In Scotland there is now talk of a new coal-fired power station at Grangemouth following the cancellation of a carbon capture and sequestration project at Longannet. The Cockenzie coal-fired plant will close next year, though there are hopes that it might be replaced with a natural gas-fired plant. But these things take time to permit and construct, and should the required pace of renewable sources falter, then the conservation of energy that the Scottish Government would like to see as a voluntary activity might come to be an involuntary need instead, with consequent significantly more severe impact on industry and the Scottish economy.
Why is this relevant to the American election? Well unfortunately, though at a slower pace, there seems to be a similar argument being made in the United States to speed up the phase-out of coal-fired power, as perhaps evidenced by the recent decision to close the Big Sandy coal-fired power plant in Kentucky, under EPA pressure. There is a presumption in discussions of the future energy costs for the country that cheap natural gas will be an easy replacement for coal. However, much of that future relies on the low prices of natural gas, and as Chesapeake are finding, just because there is a market, does not mean it is a profitable one. You can’t make up the difference between producing natural gas for $5 a thousand cu ft (kcf), and selling it at $2/kcf by increasing the volume that you sell, and thereby realize a profit. When all the dust settles it is likely there will be less natural gas on the market, at a greater price, but that is a different story. For now one can only be concerned that the failure to recognize that energy prices are playing their part in restraining national economies seems to have become a neglected part of the national discussion, which is a pity – both in Scotland and in the USA.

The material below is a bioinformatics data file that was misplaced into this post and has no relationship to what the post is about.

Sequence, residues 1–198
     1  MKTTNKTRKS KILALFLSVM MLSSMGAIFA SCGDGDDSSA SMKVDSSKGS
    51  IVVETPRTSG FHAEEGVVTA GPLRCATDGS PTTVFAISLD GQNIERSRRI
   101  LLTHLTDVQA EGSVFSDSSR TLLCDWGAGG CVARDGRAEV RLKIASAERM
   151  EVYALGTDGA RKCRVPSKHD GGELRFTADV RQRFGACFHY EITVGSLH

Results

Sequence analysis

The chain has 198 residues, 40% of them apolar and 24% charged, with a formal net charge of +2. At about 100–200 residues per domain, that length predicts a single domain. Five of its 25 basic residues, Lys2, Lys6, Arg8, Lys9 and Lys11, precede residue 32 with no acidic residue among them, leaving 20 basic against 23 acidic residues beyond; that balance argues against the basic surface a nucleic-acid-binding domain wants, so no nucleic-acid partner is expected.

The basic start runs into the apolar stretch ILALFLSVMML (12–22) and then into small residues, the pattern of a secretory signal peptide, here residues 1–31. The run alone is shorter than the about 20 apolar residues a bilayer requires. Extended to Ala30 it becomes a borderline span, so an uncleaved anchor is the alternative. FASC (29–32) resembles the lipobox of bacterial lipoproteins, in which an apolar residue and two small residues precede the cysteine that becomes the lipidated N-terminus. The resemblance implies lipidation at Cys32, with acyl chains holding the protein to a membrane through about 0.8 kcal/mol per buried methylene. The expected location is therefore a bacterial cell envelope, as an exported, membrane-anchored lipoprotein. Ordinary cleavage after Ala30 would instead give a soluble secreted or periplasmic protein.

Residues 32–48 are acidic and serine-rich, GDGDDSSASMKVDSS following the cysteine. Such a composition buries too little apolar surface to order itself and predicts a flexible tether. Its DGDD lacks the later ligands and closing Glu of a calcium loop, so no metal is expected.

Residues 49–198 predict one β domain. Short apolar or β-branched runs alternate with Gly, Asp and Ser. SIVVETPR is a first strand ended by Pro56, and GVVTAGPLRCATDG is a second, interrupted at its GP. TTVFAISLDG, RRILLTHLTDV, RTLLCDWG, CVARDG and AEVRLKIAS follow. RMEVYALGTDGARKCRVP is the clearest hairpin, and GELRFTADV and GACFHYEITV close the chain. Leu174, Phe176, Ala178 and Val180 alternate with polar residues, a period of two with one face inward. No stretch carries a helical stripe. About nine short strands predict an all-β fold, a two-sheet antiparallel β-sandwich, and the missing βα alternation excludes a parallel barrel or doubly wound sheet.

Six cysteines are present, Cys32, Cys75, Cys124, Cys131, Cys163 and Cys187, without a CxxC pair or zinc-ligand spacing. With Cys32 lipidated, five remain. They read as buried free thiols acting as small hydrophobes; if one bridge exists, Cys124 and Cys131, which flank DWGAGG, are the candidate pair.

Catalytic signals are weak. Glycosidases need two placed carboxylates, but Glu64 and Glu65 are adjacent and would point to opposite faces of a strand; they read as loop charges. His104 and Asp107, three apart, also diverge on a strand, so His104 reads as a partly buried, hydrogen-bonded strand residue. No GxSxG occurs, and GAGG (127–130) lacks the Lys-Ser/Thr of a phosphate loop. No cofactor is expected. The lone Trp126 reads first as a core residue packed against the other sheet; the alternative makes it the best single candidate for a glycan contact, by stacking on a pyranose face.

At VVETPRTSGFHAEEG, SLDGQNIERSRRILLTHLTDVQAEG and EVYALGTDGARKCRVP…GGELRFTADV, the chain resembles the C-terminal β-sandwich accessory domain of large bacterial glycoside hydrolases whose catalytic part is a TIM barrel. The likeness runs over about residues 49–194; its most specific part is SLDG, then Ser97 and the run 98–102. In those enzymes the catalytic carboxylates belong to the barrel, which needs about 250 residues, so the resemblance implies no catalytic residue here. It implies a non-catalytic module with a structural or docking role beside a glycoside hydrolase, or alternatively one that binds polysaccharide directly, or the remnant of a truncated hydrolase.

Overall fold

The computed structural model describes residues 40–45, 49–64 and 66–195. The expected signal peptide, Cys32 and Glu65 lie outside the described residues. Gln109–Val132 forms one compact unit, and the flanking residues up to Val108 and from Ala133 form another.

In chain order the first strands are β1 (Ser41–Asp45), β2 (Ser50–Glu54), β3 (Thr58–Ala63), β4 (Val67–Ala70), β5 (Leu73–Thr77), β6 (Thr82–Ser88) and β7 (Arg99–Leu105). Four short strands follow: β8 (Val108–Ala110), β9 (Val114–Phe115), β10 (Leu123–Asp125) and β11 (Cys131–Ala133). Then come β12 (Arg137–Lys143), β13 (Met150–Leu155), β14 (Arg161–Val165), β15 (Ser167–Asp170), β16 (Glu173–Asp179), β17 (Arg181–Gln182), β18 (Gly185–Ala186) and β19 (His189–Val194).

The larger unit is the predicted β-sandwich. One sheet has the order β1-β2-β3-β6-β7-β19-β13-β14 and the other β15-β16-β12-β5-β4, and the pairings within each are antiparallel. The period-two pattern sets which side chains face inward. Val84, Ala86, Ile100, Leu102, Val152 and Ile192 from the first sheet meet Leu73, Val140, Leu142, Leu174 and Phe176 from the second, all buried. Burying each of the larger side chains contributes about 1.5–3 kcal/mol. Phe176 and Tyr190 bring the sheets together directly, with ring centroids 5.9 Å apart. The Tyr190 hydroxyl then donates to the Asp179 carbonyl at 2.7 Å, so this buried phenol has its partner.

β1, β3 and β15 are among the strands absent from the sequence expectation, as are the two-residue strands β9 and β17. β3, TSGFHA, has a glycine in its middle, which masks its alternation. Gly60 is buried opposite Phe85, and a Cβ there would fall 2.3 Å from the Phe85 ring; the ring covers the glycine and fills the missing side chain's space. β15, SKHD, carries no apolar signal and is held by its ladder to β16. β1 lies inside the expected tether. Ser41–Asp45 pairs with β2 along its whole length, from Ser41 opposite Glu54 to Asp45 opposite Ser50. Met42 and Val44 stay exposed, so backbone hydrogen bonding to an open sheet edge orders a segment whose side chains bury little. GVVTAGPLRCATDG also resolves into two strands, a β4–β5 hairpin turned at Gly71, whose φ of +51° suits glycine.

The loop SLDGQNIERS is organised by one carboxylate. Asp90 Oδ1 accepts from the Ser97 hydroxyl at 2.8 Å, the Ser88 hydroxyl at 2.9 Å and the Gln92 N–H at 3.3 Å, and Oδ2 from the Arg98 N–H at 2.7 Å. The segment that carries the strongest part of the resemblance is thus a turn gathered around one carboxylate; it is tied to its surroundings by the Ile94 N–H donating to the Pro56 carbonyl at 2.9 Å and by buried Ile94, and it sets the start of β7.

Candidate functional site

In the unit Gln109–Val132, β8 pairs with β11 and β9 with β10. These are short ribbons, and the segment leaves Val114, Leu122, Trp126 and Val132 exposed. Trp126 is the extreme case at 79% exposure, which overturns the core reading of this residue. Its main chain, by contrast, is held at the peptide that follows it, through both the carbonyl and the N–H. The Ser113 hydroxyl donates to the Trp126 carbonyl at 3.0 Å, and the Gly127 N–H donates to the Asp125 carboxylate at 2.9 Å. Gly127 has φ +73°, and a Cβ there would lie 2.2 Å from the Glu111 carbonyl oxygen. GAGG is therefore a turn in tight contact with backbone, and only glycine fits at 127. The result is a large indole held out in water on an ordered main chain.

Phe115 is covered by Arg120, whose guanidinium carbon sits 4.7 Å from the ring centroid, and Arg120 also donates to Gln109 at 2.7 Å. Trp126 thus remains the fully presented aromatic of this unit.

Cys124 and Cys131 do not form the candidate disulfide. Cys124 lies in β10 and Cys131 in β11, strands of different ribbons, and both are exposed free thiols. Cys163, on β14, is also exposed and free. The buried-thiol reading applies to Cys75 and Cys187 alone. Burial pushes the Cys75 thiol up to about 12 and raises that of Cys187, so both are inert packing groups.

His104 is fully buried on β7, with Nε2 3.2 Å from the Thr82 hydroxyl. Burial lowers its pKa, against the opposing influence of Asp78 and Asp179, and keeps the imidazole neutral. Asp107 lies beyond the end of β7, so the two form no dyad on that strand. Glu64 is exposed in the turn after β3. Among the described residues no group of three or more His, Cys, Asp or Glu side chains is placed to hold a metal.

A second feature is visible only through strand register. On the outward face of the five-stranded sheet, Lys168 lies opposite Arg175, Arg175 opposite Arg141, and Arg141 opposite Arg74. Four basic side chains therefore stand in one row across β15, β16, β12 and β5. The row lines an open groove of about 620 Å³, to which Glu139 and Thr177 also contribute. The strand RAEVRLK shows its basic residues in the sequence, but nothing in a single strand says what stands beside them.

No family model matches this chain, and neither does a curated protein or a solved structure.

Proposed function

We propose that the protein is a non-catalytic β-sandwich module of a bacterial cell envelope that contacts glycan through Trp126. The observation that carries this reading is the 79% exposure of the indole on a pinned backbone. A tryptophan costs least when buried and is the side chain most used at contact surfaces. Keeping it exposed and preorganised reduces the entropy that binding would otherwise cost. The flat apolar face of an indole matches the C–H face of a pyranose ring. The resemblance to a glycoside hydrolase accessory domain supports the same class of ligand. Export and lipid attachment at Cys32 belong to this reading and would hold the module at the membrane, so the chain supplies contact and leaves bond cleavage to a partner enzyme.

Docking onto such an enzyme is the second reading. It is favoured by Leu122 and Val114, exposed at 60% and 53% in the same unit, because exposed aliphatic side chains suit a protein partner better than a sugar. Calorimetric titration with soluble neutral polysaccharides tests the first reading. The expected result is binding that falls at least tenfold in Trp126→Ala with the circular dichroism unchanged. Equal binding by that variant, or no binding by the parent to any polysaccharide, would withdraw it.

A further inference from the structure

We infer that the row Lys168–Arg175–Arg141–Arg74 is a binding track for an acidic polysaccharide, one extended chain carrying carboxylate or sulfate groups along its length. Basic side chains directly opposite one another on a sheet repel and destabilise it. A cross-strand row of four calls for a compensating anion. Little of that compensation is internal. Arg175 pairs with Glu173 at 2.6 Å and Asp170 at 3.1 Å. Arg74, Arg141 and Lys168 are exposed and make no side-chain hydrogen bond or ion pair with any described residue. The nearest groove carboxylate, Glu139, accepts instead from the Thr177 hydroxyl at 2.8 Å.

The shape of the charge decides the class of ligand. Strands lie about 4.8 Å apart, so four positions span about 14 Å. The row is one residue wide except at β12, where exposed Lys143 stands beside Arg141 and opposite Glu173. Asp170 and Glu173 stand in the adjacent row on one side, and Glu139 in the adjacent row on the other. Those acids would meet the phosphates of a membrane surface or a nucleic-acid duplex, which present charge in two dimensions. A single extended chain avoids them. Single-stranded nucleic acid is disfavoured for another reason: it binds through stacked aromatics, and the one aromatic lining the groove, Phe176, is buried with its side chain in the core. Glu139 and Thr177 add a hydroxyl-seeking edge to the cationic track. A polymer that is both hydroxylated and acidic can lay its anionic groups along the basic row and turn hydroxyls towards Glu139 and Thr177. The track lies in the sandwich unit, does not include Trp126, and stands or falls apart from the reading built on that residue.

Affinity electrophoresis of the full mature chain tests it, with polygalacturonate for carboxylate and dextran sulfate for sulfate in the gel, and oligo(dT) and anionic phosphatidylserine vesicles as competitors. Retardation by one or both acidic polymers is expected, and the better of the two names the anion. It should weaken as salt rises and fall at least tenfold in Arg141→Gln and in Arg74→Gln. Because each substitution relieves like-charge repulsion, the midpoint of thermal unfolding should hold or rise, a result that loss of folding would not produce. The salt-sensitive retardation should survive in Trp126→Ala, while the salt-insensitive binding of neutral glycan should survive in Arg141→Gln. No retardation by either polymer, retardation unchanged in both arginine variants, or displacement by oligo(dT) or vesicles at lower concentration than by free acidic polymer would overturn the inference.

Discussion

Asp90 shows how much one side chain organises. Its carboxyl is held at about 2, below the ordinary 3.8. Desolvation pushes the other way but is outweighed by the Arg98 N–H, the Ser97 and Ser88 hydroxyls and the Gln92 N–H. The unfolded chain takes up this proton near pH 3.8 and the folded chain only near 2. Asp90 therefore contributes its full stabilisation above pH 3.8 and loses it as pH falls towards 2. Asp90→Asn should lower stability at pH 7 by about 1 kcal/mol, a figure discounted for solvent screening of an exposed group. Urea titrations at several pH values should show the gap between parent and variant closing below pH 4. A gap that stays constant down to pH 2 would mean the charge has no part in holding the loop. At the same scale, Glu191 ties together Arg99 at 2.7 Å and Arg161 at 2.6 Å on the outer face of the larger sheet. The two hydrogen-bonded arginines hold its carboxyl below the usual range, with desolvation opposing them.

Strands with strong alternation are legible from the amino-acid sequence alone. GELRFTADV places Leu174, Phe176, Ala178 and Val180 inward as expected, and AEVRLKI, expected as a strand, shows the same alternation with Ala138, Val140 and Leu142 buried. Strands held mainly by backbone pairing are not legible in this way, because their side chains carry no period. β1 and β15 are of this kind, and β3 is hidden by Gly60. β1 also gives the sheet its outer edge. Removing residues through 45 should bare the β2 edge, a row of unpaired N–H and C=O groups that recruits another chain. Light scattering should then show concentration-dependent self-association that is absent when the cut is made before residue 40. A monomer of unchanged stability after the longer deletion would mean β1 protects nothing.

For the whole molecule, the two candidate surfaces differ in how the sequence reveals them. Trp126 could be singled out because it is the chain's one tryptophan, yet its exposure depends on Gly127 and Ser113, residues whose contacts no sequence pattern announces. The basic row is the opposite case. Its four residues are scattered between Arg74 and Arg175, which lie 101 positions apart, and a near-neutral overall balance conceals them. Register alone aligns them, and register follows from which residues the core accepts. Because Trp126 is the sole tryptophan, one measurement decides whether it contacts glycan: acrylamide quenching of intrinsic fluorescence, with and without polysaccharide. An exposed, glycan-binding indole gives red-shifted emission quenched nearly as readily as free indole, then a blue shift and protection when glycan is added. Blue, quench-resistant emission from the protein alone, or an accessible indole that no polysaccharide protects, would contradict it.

By. Dave Summers
David (Dave) Summers is a Curators' Professor Emeritus of Mining Engineering at Missouri University of Science and Technology (he retired in 2010). He directed the Rock Mechanics and Explosives Research Centre at MO S&T off and on from 1976 to 2008, leading research teams that developed new mining and extraction technologies, mainly developing the use of high-pressure waterjets into a broad range of industrial uses. While one of the founders of The Oil Drum, back in 2005, he now also writes separately at Bit Tooth Energy.